A few other songs that I considered:

And of course, the big hit:

Friday, July 08, 2011

90's Hit Parade, #49

Radiohead - Paranoid Android

Like most people my age, I spent a great deal of the last 15 years bitching about how MTV didn't play music videos anymore. In retrospect, I'm not sure why. Most music videos are horrible, and can you imagine a bigger waste of time than sitting around watching videos? Well, that's an easy set up of course: a bigger waste of time would be watching the original programming that replaced them. MTV really was a bad habit, and in fact I watched a lot of that original programming because I retained a Pavlovian need to turn the TV onto that channel where the videos used to be. Some of it was OK: Beavis and Butthead was fun, at least for a while, and Daria and The Maxx were both awesome, but I also watched junk like Dead at 21 (about a teenager who had received super intelligence from a government experiment, but never did a smart thing in the whole run of the show) and The Real World (I watched the second and third seasons, and might have watched more if Puck hadn't made season three so unwatchable).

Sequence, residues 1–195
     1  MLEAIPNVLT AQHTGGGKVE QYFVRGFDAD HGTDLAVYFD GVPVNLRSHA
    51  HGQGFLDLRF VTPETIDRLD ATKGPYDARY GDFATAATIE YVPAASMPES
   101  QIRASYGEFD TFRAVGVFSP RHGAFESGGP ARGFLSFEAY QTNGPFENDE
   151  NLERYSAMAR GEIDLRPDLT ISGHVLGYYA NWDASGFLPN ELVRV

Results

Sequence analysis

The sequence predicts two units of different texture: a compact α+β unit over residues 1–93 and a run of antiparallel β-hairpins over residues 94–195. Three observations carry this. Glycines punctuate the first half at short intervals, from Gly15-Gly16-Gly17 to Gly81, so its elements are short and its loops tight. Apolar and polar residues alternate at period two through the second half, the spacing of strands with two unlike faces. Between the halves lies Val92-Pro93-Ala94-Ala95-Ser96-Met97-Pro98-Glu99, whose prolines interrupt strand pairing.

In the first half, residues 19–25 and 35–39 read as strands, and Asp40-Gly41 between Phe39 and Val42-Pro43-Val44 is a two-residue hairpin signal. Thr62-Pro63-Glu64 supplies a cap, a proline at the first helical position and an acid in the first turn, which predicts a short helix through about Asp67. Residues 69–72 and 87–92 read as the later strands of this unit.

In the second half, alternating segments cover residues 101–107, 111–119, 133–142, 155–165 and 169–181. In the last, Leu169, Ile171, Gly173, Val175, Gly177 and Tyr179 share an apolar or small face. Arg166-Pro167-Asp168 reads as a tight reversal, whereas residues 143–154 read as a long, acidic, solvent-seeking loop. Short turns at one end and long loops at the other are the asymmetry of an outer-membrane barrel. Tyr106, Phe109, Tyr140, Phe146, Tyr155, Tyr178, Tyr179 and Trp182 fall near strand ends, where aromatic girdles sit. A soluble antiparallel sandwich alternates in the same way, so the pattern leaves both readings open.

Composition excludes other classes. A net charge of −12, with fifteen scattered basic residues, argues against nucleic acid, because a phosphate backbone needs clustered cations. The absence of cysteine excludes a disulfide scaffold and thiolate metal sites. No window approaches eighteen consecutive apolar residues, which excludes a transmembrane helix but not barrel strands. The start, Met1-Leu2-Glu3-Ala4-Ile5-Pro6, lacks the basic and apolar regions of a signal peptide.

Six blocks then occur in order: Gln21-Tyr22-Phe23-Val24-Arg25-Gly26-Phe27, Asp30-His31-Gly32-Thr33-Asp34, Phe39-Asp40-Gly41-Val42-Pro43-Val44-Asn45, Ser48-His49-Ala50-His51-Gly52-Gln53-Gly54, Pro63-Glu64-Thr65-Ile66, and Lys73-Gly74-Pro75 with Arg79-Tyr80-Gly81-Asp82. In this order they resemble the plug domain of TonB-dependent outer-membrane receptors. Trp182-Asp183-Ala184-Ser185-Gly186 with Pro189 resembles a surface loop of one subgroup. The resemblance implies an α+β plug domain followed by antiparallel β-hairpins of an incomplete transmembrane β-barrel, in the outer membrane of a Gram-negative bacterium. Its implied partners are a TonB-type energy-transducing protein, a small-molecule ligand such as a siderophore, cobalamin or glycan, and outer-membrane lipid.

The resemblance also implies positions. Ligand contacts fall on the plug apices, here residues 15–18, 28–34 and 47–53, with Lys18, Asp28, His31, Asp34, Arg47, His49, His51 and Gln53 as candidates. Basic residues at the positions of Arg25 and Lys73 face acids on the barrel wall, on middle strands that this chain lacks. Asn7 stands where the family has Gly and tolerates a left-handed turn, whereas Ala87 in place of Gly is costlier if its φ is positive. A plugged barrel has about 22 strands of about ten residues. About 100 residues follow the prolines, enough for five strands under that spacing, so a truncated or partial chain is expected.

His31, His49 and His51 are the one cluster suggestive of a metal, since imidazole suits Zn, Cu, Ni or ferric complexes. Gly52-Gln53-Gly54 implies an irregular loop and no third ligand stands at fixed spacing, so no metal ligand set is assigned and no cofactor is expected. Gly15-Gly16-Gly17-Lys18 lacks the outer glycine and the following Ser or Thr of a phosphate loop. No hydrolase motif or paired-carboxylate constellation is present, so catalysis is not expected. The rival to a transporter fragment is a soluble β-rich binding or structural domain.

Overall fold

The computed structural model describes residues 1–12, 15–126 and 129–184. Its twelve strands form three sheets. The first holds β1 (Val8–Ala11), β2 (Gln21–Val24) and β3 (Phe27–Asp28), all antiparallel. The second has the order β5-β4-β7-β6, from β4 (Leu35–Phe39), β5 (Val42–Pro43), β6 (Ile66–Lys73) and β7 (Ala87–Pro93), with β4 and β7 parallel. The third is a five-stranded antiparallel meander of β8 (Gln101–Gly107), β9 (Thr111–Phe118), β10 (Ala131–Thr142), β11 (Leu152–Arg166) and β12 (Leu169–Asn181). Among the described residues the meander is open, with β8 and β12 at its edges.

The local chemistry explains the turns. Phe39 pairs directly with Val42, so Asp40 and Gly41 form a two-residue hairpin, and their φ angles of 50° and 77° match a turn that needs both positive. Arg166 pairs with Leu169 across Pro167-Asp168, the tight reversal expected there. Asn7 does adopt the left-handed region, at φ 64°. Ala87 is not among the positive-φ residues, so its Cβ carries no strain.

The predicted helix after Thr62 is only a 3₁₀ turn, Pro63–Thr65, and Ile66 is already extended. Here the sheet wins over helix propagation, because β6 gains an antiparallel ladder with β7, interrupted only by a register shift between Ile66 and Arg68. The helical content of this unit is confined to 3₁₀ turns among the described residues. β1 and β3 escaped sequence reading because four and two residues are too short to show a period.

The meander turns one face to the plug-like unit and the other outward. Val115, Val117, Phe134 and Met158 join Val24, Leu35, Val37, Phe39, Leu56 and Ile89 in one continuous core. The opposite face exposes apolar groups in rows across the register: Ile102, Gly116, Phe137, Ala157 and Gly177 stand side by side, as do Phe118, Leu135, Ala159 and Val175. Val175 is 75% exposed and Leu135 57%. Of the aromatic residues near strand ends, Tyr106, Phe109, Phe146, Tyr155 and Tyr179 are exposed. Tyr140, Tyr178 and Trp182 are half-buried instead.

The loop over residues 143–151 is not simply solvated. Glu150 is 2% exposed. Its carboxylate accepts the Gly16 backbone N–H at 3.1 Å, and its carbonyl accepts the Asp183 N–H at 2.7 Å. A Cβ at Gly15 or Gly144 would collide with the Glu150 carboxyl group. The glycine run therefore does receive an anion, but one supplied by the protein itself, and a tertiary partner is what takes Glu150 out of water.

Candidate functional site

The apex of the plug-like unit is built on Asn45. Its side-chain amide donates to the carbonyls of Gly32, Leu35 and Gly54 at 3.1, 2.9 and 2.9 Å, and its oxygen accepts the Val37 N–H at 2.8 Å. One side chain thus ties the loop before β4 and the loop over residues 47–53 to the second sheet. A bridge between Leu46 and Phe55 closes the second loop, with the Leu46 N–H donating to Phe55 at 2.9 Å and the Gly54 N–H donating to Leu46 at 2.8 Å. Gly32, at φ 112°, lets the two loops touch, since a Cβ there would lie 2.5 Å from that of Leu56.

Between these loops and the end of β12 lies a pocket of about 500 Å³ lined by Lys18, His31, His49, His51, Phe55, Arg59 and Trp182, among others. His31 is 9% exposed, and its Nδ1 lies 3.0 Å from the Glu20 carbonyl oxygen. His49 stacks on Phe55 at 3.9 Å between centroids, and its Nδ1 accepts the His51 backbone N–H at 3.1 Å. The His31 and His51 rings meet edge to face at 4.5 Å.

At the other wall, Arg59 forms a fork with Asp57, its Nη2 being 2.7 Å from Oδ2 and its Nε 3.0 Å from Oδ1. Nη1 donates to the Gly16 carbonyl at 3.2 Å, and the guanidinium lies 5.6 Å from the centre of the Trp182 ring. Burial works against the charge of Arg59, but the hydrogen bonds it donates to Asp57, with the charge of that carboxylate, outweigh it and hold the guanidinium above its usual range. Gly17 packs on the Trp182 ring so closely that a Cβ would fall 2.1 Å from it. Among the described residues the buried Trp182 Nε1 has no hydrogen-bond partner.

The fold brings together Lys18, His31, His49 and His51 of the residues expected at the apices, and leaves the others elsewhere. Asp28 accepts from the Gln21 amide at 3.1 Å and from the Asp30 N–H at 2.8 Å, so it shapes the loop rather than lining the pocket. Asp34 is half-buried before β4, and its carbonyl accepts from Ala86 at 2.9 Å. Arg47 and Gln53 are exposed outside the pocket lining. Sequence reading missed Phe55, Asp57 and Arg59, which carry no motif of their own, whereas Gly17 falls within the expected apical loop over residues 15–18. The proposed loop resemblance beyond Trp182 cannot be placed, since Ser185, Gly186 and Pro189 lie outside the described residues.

Anyway, I'm pretty sure the last time I regularly tuned into MTV was for The Osbournes. And in the minutes before and after The Osbournes, I remember two things. First, seeing Kurt Loder announce that Rob Halford had come out of the closet. This was funny, because just a couple days before, a friend and I had been talking about Judas Priest, and I came to the realization that their whole act was basically a gay fetish show (something I'd never realized as a metal-obsessed youth). The second thing was, I saw this demented animated video for a dark prog rock epic. Captivating, ain't it? I watched to the end to find out the band, and it was by Radiohead! The band that had that awful song "Creep" a few years ago (or was Radiohead the band that did "Connected"? I always got them mixed up)! I didn't realize at the time that Radiohead had followed up their lame debut (which, to be honest, might be a great album aside from "Creep"--I've still never heard it) with a fine rock album called The Bends. I wasn't even aware they were still around. They completely blindsided me with this one.